Baby Steps

Although the idea of going diaper free is alien to our common culture, it’s normal in other parts of the world, especially cultures that regularly wear their babies. In fact, I’ve even read that in some cultures it’s shameful for a baby to eliminate on her mother because it means the mother was not paying attention to her baby.

I’m certainly not at that point, but I am making small, subtle changes. For one, we are gearing up to becoming a cloth diaper house. For now, we still use disposable diapers (you don’t have to be the crunchy, tree hugging type to do EC!), but since Baby Matthew only pees in his diapers, there’s no reason we can’t use cloth. In the past, I cringed at the thought of cleaning a yucky poop out of a cloth diaper. But for the most part, there’s only one small pee in his diaper when I take him to the potty. I certainly don’t want to put that back on him, which is causing me to go through more diapers than the average family. It’s getting expensive, and I do feel guilty about filling a landfill with all these extra diapers. So…we’re going cloth!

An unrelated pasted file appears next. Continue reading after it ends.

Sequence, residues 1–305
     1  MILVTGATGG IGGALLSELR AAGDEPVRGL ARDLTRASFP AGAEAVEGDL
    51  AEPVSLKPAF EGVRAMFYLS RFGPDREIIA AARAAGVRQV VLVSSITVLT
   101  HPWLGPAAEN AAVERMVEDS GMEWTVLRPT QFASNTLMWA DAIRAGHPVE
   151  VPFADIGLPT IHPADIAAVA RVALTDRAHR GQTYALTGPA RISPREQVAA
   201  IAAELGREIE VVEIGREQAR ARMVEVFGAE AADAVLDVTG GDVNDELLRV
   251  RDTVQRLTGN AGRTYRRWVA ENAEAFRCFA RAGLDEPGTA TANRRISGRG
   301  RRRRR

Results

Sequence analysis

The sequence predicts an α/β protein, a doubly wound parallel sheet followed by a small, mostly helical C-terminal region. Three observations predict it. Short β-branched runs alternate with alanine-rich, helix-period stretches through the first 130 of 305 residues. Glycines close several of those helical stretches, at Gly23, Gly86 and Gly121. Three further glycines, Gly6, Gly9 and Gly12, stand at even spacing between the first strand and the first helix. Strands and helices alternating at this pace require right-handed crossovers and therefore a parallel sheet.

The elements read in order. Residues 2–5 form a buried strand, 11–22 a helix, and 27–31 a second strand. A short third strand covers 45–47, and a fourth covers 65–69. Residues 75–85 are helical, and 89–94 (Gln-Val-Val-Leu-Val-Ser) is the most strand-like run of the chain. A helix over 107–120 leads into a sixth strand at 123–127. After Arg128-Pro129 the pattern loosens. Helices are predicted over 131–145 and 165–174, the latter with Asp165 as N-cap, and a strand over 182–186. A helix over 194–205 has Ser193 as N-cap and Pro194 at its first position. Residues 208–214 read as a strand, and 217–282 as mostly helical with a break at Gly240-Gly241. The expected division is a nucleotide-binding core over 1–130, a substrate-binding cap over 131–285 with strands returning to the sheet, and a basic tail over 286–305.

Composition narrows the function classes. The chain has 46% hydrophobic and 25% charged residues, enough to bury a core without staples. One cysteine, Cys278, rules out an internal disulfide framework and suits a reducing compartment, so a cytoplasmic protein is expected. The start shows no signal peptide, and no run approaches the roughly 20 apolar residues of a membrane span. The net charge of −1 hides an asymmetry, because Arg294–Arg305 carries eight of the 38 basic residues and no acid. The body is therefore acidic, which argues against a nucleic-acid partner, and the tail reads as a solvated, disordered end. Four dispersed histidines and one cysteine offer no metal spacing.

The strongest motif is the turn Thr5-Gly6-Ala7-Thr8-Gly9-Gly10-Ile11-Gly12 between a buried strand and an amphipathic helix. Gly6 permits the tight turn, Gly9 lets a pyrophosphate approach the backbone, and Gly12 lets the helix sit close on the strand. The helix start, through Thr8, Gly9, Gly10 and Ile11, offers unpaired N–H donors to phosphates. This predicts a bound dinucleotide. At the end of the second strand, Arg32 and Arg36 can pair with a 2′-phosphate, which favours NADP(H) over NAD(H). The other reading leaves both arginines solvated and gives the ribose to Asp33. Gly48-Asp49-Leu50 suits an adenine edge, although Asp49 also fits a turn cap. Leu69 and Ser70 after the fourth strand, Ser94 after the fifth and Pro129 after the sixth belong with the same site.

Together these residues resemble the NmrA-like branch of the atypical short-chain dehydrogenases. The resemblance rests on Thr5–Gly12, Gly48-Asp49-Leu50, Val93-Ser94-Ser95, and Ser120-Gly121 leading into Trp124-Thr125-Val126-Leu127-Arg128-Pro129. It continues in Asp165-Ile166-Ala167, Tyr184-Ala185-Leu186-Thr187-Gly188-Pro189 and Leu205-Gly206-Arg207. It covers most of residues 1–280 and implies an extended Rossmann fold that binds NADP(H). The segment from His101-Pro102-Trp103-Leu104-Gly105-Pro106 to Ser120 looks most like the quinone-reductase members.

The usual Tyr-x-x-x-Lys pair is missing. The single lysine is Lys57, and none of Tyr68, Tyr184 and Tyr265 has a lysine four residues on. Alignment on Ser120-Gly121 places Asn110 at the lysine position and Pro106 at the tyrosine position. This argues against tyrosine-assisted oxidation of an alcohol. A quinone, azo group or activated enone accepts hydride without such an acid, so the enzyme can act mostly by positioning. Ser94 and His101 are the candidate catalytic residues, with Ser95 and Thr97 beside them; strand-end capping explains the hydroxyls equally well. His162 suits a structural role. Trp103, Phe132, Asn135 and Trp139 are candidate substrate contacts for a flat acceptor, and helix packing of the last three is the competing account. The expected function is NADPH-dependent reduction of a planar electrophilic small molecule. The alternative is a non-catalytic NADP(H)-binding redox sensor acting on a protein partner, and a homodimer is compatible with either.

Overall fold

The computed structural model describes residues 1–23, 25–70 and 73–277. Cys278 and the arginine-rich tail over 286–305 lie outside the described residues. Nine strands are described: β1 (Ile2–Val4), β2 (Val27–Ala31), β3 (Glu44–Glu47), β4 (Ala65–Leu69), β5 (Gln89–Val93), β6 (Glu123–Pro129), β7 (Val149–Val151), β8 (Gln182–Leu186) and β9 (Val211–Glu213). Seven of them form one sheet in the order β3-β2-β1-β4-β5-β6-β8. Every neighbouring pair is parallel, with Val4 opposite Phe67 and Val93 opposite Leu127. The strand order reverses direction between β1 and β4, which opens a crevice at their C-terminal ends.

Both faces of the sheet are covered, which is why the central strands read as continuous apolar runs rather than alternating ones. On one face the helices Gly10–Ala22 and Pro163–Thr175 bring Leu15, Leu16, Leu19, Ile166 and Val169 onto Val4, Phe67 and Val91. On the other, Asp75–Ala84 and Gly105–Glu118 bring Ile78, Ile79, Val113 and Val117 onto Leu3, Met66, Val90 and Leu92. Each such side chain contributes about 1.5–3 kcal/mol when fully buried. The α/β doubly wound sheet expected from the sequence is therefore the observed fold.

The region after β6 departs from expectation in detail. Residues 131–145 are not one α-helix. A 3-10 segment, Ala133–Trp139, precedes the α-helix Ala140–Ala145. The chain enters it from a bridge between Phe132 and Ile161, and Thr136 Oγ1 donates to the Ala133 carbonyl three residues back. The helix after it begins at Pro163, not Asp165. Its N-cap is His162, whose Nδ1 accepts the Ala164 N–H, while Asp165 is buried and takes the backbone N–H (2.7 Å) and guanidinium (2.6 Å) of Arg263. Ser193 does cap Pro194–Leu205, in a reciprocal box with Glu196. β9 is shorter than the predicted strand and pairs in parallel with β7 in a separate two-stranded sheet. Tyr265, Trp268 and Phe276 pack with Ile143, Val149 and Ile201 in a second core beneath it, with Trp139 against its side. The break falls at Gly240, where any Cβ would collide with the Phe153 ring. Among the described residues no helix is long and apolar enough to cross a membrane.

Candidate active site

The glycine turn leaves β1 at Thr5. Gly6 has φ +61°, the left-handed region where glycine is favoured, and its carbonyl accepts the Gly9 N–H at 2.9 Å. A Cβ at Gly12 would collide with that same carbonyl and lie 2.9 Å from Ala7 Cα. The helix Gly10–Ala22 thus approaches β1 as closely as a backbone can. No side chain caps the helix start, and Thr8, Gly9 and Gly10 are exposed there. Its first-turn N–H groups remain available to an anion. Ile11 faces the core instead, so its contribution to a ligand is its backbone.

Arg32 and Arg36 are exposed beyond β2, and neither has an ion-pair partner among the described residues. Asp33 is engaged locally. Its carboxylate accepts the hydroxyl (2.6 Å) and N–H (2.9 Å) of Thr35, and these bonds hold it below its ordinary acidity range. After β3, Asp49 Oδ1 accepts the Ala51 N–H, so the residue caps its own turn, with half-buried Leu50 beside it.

Perhaps the next step after that will be to catch more pees, but in the meantime, I am content to go slowly and enjoy being able to meet yet another need for my sweet boy. There is something very bonding about EC. It’s as though his body and face show how grateful he is that I have understood his signal and helped him meet this need. My husband and other children have also bonded with the baby through EC. It’s been a rewarding journey for everyone so far.

Resources